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Let $ (b_{n})$ be a decreasing a sequence such that $0< b_{n}<1$ for all $n\geq 1$, and $b_{n}\to 0$ as $n\to \infty$. Is there any way to find another sequence $(a_{n})$ with $\frac{a_{n}}{b_{n}}$ converges to a nonzero constant, and $\frac{a_{n}}{b^{2}_{n}}$ is bounded.

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up vote 3 down vote accepted

By definition, if $\frac{a_n}{b_n}\to L$ for some non-zero $L$, then for any $\epsilon>0$, there exists an $N$ such that for all $n>N$, we have $|\frac{a_n}{b_n}-L|<\epsilon$.

Let's take $\epsilon=|\frac{L}{2}|$, so that $|\frac{a_n}{b_n}-L|<|\frac{L}{2}|$ for all $n>N$. In particular, $|\frac{a_n}{b_n}|>|\frac{L}{2}|$ for all $n>N$. Then $$\bigg|\frac{a_n}{b_n^2}\bigg|>\bigg|\frac{L}{2}\bigg|\cdot\frac{1}{b_n},$$ but $\frac{1}{b_n}\to\infty$ because $b_n\to 0$, so $\frac{a_n}{b_n^2}$ cannot be bounded.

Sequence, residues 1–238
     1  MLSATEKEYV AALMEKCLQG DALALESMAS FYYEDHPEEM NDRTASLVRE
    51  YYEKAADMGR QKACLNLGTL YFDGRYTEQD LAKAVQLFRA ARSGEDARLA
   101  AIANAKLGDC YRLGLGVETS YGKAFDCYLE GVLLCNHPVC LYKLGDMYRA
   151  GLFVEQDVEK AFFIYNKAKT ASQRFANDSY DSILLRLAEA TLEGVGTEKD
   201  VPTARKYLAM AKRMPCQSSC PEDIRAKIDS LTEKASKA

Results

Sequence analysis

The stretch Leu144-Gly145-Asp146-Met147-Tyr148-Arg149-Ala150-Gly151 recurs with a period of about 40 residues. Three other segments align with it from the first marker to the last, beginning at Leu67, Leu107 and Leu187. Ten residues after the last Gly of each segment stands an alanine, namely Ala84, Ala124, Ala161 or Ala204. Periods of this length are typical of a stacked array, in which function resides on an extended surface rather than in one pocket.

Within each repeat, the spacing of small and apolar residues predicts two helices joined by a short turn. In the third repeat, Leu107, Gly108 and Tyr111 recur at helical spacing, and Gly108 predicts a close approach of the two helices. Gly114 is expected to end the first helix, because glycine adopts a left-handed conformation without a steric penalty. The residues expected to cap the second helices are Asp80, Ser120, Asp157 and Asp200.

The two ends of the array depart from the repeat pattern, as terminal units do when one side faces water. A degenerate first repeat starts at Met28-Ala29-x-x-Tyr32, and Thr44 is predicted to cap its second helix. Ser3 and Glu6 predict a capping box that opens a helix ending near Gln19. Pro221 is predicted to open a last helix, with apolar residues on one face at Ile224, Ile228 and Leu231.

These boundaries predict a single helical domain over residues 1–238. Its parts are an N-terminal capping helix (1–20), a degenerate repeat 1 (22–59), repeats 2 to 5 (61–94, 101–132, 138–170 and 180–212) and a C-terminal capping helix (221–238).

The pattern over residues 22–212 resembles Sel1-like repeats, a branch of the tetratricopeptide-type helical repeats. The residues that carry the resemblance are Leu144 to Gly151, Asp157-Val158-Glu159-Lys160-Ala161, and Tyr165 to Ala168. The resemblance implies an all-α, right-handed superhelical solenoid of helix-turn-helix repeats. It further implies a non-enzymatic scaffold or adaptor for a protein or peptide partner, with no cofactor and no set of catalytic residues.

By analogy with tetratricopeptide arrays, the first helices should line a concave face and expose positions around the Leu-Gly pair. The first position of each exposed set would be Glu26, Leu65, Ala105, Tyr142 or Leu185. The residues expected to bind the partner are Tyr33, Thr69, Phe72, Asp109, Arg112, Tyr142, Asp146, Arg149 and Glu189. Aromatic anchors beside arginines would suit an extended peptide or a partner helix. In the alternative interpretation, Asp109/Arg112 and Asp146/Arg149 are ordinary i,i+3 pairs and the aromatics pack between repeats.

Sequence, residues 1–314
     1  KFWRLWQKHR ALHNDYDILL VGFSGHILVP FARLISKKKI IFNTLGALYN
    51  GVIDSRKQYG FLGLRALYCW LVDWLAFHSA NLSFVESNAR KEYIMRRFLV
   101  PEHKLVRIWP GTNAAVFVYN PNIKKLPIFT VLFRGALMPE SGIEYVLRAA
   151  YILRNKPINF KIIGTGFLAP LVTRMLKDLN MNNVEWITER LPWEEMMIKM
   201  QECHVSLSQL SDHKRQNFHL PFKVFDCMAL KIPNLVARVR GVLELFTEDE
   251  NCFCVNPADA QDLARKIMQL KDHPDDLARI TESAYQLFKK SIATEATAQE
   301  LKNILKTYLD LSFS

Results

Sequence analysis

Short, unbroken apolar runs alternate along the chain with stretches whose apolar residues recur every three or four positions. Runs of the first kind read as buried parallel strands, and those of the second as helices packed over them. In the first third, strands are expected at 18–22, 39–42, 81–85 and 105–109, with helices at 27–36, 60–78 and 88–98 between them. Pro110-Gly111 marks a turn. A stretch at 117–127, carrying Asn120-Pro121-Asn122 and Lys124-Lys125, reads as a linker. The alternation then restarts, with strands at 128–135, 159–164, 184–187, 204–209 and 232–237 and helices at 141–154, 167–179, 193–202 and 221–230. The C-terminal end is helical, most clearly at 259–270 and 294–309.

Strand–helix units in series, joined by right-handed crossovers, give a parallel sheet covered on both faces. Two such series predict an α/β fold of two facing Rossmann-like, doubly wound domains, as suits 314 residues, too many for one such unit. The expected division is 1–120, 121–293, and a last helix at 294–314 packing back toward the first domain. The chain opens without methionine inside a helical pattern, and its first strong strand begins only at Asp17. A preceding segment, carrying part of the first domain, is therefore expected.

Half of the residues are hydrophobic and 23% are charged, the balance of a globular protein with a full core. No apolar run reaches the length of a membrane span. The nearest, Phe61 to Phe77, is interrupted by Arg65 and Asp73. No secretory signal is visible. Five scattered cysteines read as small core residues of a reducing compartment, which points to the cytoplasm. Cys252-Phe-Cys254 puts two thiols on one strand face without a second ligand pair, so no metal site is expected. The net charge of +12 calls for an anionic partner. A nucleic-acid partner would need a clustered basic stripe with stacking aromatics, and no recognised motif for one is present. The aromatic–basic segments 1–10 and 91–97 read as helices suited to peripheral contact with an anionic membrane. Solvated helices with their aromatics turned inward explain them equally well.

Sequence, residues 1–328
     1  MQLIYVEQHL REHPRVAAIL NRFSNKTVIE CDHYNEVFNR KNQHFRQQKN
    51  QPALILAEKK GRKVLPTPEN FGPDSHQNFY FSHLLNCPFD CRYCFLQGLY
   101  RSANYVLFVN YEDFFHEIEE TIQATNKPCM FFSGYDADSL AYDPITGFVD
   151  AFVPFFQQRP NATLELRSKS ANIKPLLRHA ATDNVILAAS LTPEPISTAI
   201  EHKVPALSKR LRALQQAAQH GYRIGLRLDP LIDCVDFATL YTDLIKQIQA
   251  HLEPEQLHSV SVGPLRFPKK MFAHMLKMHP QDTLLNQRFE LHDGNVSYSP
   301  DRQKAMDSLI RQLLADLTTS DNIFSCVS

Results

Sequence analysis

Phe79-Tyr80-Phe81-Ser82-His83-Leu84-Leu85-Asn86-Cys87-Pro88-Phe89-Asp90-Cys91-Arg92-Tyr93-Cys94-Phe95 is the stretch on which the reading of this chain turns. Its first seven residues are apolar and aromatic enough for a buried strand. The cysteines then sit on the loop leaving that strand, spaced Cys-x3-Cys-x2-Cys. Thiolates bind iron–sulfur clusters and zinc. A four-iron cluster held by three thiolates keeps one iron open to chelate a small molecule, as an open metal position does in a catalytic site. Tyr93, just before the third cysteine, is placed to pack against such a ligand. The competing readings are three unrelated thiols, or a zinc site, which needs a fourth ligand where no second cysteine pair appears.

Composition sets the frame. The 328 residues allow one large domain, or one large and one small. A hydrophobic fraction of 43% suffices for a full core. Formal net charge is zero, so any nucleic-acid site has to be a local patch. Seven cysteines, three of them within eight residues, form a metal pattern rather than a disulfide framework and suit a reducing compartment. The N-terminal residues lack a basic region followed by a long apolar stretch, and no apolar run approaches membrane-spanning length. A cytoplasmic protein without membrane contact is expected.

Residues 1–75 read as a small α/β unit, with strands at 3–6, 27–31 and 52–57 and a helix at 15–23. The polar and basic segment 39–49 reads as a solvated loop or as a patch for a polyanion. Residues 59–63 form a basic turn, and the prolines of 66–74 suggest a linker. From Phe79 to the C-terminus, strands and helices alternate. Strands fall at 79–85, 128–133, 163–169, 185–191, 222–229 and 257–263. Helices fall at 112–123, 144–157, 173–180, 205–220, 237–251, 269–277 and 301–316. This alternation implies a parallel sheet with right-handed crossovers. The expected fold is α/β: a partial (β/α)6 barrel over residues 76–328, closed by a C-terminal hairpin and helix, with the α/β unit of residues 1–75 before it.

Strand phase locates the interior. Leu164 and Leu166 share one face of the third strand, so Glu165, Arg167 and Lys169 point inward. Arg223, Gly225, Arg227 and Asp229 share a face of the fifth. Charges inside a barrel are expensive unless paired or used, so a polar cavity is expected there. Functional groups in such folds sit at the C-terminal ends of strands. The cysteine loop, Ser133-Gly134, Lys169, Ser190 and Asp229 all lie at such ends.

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That's right, Thanks! – Kristina Jun 20 '12 at 1:40
No problem, glad to help! – Zev Chonoles Jun 20 '12 at 1:40
If my answer is satisfactory, you can "accept" it by clicking the checkmark underneath the number and arrows. – Zev Chonoles Jun 20 '12 at 2:05
of course it is! – Kristina Jun 20 '12 at 2:20

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